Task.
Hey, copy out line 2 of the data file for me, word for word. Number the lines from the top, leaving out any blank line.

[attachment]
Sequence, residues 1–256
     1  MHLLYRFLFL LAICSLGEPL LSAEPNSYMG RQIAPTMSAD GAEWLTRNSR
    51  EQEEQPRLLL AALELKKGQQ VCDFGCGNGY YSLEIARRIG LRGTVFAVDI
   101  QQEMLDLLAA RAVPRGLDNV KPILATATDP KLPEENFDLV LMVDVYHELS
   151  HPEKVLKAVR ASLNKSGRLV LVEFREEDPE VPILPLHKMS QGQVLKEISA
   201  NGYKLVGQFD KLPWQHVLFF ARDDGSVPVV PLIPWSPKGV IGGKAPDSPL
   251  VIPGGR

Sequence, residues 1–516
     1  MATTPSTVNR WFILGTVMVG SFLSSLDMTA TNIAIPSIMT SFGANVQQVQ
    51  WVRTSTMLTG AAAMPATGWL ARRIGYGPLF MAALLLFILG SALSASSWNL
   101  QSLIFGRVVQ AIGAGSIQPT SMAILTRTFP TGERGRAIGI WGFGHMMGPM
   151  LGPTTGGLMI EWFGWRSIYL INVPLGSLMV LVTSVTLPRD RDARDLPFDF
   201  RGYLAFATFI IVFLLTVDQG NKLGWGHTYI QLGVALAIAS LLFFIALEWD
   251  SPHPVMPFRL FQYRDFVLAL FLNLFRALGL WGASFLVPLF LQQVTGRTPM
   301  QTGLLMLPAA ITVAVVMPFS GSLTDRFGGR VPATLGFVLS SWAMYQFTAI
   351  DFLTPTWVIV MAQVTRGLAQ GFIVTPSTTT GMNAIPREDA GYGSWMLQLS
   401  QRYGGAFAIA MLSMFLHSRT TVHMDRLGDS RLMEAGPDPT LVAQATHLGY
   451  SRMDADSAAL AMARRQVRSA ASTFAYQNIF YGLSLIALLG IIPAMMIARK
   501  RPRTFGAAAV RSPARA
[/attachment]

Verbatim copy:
     1  MHLLYRFLFL LAICSLGEPL LSAEPNSYMG RQIAPTMSAD GAEWLTRNSR